Slow-pitch softball is a relatively new sport that has recently gained popularity. The game is played with an underhand pitching style and allows the ball to be hit with a backspin, which makes it easier to control. Hitting a slow-pitch softball with a backspin can be tricky, but if you follow these steps, you’ll be hitting like a pro in no time.
Step One: Get in A Batting Stance
When many first take up softball, they often complain about not being able to make any contact with a pitched ball thrown at them. We will show you an easy trick that professional players use to hit a slow-pitch softball with a backspin.
- Begin by gripping the bat with your index and middle fingers between the handle.
- Take a soft toss with the pitching machine, allowing it to throw a high-pitched ball that is difficult to catch. If you struggle to catch the ball, you are probably gripping the bat too tightly.
- A pulling grip indicates that you are gripping the bat towards the bottom of the handle, where your fingers are wrapping around the bat.
- Wrap your fingers around the bottom of the bat and press them against the handle for stability.
- Next, check to see if the ball is falling too quickly by gripping the bat with your thumb and middle finger on each side of the bat, where the handle meets the barrel.
- If it feels like the bat is falling too quickly, you can slow the ball’s drop by gripping the bat slightly tighter.
- The faster you swing, the harder it will be to hit. You’ll have to swing faster to match the speed of a good pro player.
- You’re ready to take your batting stance if you can hold on.
This is where the pros have an advantage over us amateurs. They have worked hard to develop their physique so they can handle any bat in any situation.
Step Two: Grip the Ball Correctly
There are two main ways to grip a slow-pitch softball: with two fingers or with three fingers.
- The two-finger grip is the most common grip used by players. To grip the ball with two fingers, simply place your index and middle finger on either side of the ball’s seam.
- The three-finger grip is not as standard, but it can be used to generate more power and spin on the ball. To grip the ball with three fingers, place your index, middle, and ring finger on either side of the ball’s seam.
Next, follow these techniques to get a good grip.
- The grip should not be so tight and uncomfortable to hold.
- For best results, check your grip strength before each swing. Your grip should never weaken during the course of an at-bat.
- Once you have a good grip, test the bat speed by swinging as hard as possible.
Step Three: Put Your Weight on Your Back Foot
Slow-pitch softball is all about hitting the ball with a backspin. Putting your weight on your back foot allows you to get more of a spin on the ball. This is because you are using your body weight to generate power instead of just your arms.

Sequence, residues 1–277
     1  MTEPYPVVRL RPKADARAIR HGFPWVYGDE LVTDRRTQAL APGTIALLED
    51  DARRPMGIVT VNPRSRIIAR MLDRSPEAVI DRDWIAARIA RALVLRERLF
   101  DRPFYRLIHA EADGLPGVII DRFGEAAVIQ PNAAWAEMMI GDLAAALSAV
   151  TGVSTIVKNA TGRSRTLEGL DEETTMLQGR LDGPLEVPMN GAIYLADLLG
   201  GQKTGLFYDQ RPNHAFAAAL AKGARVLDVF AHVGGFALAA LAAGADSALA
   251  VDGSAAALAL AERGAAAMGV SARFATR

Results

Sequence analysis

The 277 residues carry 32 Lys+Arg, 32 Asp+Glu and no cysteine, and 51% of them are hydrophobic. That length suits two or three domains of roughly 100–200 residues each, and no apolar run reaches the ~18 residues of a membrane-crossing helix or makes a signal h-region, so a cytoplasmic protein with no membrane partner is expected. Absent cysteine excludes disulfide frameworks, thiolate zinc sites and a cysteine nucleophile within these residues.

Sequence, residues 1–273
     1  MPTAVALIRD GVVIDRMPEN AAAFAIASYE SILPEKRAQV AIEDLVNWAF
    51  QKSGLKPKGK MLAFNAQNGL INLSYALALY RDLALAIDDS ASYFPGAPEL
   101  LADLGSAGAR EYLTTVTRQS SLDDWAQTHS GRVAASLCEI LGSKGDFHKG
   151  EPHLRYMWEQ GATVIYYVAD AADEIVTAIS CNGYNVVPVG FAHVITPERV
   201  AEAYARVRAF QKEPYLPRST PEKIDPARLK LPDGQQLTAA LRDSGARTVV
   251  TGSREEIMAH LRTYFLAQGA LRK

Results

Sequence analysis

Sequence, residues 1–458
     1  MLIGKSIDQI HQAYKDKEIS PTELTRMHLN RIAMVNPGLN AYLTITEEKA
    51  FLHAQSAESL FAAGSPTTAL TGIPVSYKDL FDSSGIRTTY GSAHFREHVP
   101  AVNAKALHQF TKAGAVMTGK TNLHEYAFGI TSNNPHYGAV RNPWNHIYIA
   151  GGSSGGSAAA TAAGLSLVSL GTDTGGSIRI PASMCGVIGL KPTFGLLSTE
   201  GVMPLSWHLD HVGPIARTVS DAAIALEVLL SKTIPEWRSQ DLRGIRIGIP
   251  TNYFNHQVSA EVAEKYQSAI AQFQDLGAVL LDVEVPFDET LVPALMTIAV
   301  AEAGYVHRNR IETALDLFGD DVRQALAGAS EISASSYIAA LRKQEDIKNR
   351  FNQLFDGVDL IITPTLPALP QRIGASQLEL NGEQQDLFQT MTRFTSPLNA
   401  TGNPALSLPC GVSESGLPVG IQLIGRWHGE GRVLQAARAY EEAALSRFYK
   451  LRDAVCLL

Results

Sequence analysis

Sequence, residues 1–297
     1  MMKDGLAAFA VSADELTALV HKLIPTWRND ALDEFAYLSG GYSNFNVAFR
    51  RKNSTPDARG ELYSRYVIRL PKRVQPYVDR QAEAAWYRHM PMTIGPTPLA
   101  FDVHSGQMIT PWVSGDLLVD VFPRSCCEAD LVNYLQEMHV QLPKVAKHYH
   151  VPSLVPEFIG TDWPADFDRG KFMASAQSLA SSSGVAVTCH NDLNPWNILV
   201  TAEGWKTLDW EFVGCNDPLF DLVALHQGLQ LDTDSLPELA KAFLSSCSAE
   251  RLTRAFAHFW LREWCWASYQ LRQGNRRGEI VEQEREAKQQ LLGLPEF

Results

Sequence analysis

You must ensure that your back foot is planted firmly when you swing so that you can drive through the ball and get maximum backspin.
Step Four: Swing Your Bat Back and Forth
They know how to maximize the strength in their hands and wrists, so they can easily swing a bat. Amateurs often injure themselves when they use bats that are too heavy or too stiff.
An experienced player can feel when a bat is too heavy and adjust. They also know that when the bat is stiff enough, it will not let them hit the ball hard enough.
Step Five: Swing Up and Through the Ball
When hitting a slow pitch softball with a backspin, the batter should start in a stance with their feet slightly more than shoulder-width apart and their weight balanced.
They should then take a small step forward with their front foot and swing the bat up and through the ball, making sure to keep their elbow up. The follow-through is essential – the batter should continue turning until the bat is above their head.
What Is a Backspin Power Pitch?
A backspin power pitch is a high, hard ball delivered with the arm’s force in a downward motion. The backspin power pitch is a tall, hard ball delivered with the arm’s force in a downward motion.
This usually is the response of a pitcher who has just thrown a curveball. GIFs can be used to analyze the difference between the hard contact of left-handed and right-handed batters.
Slow Pitch Softball Strike Zone
A slow-pitch softball strike zone is similar to the standard baseball strike zone but with several necessary amendments. First and foremost, it’s much wider than the traditional strike zone.
This allows pitchers to throw softer pitches in the area near the batter’s knees without fear of being called a ball or an automatic walk.
Moreover, because this area is so broad, hitters may be more likely to swing at low-percentage pitches inside this Strike Zone, leading to more ground balls and fewer fly balls.
The zone is often divided into 5 sections. These are called strike zones.
- Top zone
- Middle zone
- Bottom zone
- Outer half zone
- Inside half zone.
The proper technique is the key to a good performance in slow-pitch softball. The most important aspect of the game is backspin.
Using this, your ball will enter the air like a bullet, be challenging to stop, and curve unpredictably. Follow these tips before you step out on the field, and watch how easily you hit home runs.